The basic question is how can we be equal in God’s eyes, but not in each other’s? Obviously, it’s easier asked than answered. I’m not suggesting we all deserve the same “start” in life. That would make me a communist and Communism would make us equally oppressed. But apparently, basic reciprocal respect seems impossible, even 45 years after Dr. King shared his dream with the world; all those decades to absorb the message and it’s hasn’t universally sunk in. But should we be surprised? Change comes slow. Dr. King articulated in his speech back then, 100 years post-slavery and “the Negro is still not free.”

Will we ever judge each other solely by our words and deeds rather than superficially — based on presumptions, prejudices, and bigotry? Forget globally, let’s just start in America. Okay, how about just Houston? That too, I admit, seems overly-optimistic. But isn’t Dr. King’s message rooted in optimism? When his birthday arrives each year, so do the feelings of optimism and hope. Dr. King speaks with such charisma, confidence , and strength you’re almost coerced into believing anything is possible. And it’s different when you hear his entire dream. The bits of sound and video (we call ’em sound bites) you get on the news is an adequate reminder of the Civil Rights struggle and King’s dream for humanity. But to hear his words in full context — during a time of turbulent race-relations, in front of a huge multi-cultural crowd at The Lincoln Memorial, a century after the end of slavery — resonates profoundly like no excerpt could.

More Information:

Click here to read the transcript from Dr. King’s “I Have a Dream” speech, courtesy of the Stanford University archives.

Click here to read this morning editorial in the Washington Post which proclaims, Dr. King’s “words are more relevant than ever this election year.”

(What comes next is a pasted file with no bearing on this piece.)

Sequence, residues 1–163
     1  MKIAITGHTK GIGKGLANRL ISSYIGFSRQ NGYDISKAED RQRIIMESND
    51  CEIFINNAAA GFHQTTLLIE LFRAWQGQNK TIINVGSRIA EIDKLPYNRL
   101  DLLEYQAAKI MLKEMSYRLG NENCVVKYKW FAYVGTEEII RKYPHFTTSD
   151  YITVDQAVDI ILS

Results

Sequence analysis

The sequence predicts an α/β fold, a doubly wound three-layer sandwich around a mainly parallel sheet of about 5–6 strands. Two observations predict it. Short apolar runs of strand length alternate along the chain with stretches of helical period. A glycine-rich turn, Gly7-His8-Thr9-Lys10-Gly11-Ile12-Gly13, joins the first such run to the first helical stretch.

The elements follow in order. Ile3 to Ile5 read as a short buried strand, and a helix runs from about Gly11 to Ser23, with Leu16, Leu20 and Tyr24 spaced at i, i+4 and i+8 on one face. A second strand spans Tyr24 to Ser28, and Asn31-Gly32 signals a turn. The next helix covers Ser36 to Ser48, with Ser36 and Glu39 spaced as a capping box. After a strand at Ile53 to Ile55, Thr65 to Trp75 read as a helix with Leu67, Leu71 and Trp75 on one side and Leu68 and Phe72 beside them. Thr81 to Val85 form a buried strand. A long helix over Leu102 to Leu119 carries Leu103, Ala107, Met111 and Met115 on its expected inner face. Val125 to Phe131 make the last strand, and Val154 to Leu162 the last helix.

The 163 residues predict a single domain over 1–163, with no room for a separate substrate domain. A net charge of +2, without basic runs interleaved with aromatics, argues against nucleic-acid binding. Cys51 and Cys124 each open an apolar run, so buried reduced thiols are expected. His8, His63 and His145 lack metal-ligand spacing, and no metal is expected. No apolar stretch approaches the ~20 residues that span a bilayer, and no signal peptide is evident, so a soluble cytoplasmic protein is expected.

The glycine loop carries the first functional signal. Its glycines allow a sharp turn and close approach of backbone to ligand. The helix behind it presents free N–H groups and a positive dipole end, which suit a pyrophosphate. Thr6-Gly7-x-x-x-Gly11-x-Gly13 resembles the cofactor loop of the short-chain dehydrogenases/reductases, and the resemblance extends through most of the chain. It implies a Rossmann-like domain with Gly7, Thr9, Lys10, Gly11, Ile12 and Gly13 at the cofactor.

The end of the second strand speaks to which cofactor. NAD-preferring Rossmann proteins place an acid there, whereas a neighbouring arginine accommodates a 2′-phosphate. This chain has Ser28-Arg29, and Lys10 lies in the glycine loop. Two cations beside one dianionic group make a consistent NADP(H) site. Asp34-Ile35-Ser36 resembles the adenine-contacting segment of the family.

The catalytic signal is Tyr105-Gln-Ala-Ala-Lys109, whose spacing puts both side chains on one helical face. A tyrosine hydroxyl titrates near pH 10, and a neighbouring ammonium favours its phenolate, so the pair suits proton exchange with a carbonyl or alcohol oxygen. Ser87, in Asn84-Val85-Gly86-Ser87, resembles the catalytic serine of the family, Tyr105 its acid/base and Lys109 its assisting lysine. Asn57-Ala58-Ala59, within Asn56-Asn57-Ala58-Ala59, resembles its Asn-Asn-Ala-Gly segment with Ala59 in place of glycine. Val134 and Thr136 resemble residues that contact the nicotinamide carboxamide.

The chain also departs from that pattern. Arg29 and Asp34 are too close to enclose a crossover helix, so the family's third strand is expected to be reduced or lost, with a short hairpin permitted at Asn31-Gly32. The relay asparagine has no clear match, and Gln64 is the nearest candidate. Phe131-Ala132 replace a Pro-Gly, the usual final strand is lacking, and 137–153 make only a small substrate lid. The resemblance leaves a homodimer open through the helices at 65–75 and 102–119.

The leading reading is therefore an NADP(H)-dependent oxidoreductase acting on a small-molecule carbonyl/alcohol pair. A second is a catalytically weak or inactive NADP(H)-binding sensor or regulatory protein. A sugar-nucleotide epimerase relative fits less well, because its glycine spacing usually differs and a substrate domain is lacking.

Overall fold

Click here for Time Magazine’s profile on Dr. King, as part of “The 100 Most Important People of the Century.”

Did you know, the FBI had a file on Dr. King? Click here for Part 1. Part 2.

The Flu…
January 16, 2008

No one wants it but plenty of Houstonians have it right now. Break out the Purell, we’re in the middle of a flu outbreak. The American Lung Association estimates we have 70% more flu cases this year than last year in Houston. It’s so bad they sent their Faces of Influenza spokesperson, Dean Cain.

Yes, we mean the former Superman from “Lois and Clark.” Here’s my interview with the actor turned spokesperson. Get your flu shot!

It’s an Odd Universe Out There!
January 14, 2008

…and dangerous too. Oh yeah! Be glad we live where we live. The mean streets of the world’s toughest ghettos are no match for the dangers of the Universe. If leaving the atmosphere doesn’t kill you, a “rogue” black hole could (Rogue; one of those words typically used to describe countries like Iran that sponsor terrorism. Wait! Ahmadinejad and a black hole… I think we’re on to something).
“The deeper astronomers gaze into the cosmos, the more they find it’s a bizarre and violent Universe,” according to the latest research. An Associated Press article on FoxNews.com covers this year’s annual meeting of the American Astronomical Society in Austin, TX. Their research gives space personality — “‘Rogue’ black hole that roam our galaxy, devouring any planets unlucky enough to be within their limited reach.” That’s not to say black holes are somehow looking for our solar system. The chance of us getting sucked into oblivion is incredibly low. But as Lauren Freeman always says, “So you’re saying there’s a chance?!” Technically, yes. Practically, no. Scientists say if you map out the Universe, we’re on the good side of the tracks; “in a pretty quiet neighborhood,” says A.A.S. President J. Craig Wheeler.

Now, how badly do you want to know your neighbors?